Wanted to share this video with folks. If nothing else it is just incredible, impressive and beautiful to watch Rich Froning Snatch 225lbs 30 times in little over 6 minutes.
Besides that though, interestingly, he has an early arm bend in his snatch. This technique is not usually seen in the snatch. It is a technique used by some mostly in the clean to move the bar closer to the hips at contact. Don’t confuse it with an attempt to pull the bar up, it is used to get the bar to that sweet spot for contact. The snatch though because your hands are wider the bar has no problem sweeping into that sweet spot, so there would seem to be no use for an early arm bend snatch, most would actually say it’s an ineffective way to snatch. So then, is he snatching "incorrectly?" Could he simply move his hands out to get the bar into his hips without having to perform an early arm bend, arguably saving energy by not using his arms and relying more on bigger muscle groups? It has been taught that “when the arms bend the power ends.” Or has he found a technique that is more effective for him? With a narrower grip you are stronger pulling off the ground, and maybe that arm bend is driving the bar into his hips with a little more force, which when it hits the hips results in a more powerful collision, accelerating the bar with more force, Newton's third law?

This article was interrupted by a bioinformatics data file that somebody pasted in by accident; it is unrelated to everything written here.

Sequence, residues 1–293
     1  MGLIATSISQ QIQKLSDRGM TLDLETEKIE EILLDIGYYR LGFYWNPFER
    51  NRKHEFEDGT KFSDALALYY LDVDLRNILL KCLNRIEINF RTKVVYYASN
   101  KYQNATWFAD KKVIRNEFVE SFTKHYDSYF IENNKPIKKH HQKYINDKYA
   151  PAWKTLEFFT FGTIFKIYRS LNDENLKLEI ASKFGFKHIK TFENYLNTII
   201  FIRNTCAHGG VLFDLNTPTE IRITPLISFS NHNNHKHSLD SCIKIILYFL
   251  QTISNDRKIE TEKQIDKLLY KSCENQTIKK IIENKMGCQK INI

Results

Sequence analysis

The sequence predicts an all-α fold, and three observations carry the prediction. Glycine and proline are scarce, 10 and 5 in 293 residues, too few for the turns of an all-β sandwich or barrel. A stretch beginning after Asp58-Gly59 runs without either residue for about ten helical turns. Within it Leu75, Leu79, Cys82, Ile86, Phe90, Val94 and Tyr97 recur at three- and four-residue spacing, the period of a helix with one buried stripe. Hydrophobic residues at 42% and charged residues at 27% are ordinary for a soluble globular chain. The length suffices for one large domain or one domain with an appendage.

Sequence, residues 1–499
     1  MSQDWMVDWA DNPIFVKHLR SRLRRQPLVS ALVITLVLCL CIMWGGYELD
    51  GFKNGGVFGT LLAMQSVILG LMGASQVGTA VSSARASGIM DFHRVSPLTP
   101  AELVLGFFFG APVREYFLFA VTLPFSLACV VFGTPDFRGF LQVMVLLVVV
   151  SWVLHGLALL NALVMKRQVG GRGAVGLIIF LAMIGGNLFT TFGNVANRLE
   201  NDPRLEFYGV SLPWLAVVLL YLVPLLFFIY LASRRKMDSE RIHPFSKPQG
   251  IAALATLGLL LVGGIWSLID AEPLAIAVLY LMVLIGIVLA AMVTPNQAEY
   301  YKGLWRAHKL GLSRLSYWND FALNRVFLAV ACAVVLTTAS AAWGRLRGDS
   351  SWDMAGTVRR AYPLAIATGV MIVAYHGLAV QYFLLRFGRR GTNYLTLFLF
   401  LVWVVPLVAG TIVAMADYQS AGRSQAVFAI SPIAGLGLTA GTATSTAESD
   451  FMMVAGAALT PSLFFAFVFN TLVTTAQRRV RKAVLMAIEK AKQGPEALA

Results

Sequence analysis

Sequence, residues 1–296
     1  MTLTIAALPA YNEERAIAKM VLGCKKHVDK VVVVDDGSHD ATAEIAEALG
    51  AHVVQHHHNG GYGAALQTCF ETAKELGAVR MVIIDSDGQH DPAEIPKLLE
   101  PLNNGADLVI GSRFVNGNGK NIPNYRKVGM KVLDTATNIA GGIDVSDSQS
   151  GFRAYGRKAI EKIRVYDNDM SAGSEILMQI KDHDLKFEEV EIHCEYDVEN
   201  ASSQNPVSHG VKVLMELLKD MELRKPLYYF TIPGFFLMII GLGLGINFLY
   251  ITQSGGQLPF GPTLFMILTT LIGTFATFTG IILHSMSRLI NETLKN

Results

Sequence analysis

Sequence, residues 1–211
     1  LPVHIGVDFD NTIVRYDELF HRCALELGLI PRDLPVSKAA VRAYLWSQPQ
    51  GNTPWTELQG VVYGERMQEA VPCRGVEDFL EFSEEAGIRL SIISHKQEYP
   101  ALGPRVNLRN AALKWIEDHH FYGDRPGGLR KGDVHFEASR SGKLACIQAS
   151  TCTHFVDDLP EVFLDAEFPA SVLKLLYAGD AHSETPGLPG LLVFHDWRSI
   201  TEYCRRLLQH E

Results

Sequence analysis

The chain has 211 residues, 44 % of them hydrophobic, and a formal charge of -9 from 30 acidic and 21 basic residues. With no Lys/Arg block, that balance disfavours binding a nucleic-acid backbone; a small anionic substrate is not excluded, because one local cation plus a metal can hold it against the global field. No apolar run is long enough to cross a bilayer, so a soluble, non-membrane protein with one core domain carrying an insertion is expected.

I am intrigued by this questions because this is not how the snatch is taught. This arm movement in the pull is actually more along the lines of what NOT to do. At the same time it would seem crazy to me to have him change his technique, especially after performing 30 reps at that weight in that time.
I would be interested to hear from an experienced weightlifting coach what they thought about his approach. Would they try and work back to get that early arm bend out or would they go with it? I am in no position to deem the lift either way, but it looks pretty damn good to me.
Push Press 10-8-6-4-2
Back Squat 10-8-6-4-2
Burpee Lateral Jump 10-8-6-4-2
Rope Climb 1-2-1-2-1